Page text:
Impossible Only Until We Start

Bob Byrnes (in the blue shirt) worked upstream. Yes, it is really that tall and dense but only for a couple miles. Over two seasons half is gone.  Photo by Heidi Acosta.

By Arne Johansen, Co-Chairperson Habitat Restoration 

There is an old saying: 'The difficult we do immediately; the impossible takes a little longer.' I was reminded of this as I described our current work area to a new volunteer. From where we were standing (surrounded by eucalyptus, Arundo and palms) I explained how our project area extends two miles downstream and another mile upstream. Then I pointed east and added that our project extends three miles along that side creek. Out loud it just seems impossibly large.

Additionally, it also seems that the more we get done the more there is left to do. This happens in multiple ways. First, our success with one project acts as a snowball rolling downhill. So we added two new pieces to our project area this season. While more work, this allows us to manage the watershed cohesively. It also adds to our ability to stay flexible and respond to circumstances. But it just seems like so much more and there is also work which begets more work.

This winter we concentrated our activities on one mile of the San Dieguito River. This is a joint project with USFW, the San Dieguito River Conservancy, many private property owners, and us, in conjunction with the local fire department. Through our joint efforts we have been able to bring in additional resources in the form of ACE (American Conservation Experience) to help with biomass removal, which lessens fire risk – a huge plus. 

With their help we have mowed most of the Arundo in about a half mile. Of course, that leaves our group with the follow-up. We treat Arundo as it grows back to about 2-3 feet in order to kill the roots. In addition, we exposed many other weeds (acacia, palms, pampas grass, eucalyptus) as the Arundo was removed. All pluses to be dealt with in due course.

The grant that provided for the ACE workers also mandated that we plant. So we planted 850 native riparian plants in spaces created by weeding. Planting alone is enough added work. Deciding which species and actually finding appropriate plants amounts to another project. Fortunately we have many knowledgeable resources within CNPS and with our partners, 'We get by with a little help from our friends.'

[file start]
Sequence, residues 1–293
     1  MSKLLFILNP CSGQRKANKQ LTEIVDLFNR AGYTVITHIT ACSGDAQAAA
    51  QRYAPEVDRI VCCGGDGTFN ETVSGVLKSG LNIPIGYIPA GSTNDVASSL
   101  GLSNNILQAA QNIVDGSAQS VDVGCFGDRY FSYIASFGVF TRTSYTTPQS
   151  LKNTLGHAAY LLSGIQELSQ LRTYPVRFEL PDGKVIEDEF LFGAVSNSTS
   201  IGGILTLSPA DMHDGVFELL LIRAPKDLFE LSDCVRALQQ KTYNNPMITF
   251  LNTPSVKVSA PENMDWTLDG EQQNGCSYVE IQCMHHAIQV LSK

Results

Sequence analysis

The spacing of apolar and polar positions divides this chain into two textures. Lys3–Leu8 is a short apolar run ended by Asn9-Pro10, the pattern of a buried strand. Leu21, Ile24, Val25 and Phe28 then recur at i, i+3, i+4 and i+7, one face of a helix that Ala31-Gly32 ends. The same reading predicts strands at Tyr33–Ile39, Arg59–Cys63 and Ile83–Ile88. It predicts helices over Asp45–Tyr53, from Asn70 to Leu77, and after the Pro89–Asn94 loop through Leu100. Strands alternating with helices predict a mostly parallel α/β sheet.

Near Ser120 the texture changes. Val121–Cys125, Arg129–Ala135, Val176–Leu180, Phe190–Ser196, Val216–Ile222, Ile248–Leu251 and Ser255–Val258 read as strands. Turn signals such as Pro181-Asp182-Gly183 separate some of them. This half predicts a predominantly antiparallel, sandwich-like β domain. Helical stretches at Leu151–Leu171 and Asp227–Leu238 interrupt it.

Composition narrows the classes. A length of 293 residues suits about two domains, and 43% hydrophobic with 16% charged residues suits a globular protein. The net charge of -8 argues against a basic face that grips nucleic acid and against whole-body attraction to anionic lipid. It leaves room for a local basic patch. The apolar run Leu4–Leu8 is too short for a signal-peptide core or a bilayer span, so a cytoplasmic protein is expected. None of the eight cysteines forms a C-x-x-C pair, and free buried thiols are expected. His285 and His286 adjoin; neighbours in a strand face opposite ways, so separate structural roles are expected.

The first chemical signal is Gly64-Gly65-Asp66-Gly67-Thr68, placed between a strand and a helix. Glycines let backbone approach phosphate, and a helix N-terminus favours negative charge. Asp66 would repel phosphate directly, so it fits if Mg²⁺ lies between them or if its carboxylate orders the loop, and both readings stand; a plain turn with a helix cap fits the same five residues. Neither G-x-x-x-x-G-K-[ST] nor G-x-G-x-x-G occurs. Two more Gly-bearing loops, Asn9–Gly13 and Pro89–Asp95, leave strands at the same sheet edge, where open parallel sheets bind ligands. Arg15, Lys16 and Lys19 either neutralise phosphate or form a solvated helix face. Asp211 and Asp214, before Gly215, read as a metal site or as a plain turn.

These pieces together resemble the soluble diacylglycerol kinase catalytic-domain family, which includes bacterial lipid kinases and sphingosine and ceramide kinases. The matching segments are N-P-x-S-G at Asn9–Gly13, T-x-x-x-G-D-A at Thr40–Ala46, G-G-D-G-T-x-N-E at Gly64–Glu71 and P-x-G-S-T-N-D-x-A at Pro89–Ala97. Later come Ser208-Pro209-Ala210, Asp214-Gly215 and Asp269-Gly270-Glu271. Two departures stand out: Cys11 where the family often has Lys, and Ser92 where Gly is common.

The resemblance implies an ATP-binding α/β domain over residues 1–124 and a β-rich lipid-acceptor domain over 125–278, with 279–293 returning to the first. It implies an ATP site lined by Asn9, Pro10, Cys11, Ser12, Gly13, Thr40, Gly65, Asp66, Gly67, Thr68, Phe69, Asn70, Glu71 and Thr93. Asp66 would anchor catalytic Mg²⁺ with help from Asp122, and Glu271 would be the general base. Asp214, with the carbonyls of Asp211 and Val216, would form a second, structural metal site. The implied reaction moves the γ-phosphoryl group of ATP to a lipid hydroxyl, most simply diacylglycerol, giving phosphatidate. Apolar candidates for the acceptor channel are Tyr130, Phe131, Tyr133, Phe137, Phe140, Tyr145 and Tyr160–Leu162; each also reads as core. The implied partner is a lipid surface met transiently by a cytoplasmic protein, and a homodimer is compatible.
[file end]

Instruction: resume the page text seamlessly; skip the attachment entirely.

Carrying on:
Nature gives us more to do as well. In February we were literally inundated. Access to our top priority target areas was flooded. So we adjusted and worked where we could. The torrents did also open things up exposing more mature weeds and stimulated seeds to germinate. There were only about a bazillion eucalyptus seedlings that came up. Yet these are more positives taking us nearer to our ultimate goals.

Admittedly, things seem daunting at times. That is when it is time to take a breath and assess priorities. There will still be just as much to do, but instead of looking at everything, each day we choose from a few top priorities. By staying focused and organized we keep moving forward. Each contribution gets us closer to the finish and by partnering with others we multiply our efforts and accomplishments – truly positive. 

By the time you read this we will be back at Lusardi Creek carrying out another seemingly impossible task. We are removing millions of artichoke plants from hundreds of acres while also weeding three miles of riparian corridor. Yes impossible, but only until we start. 

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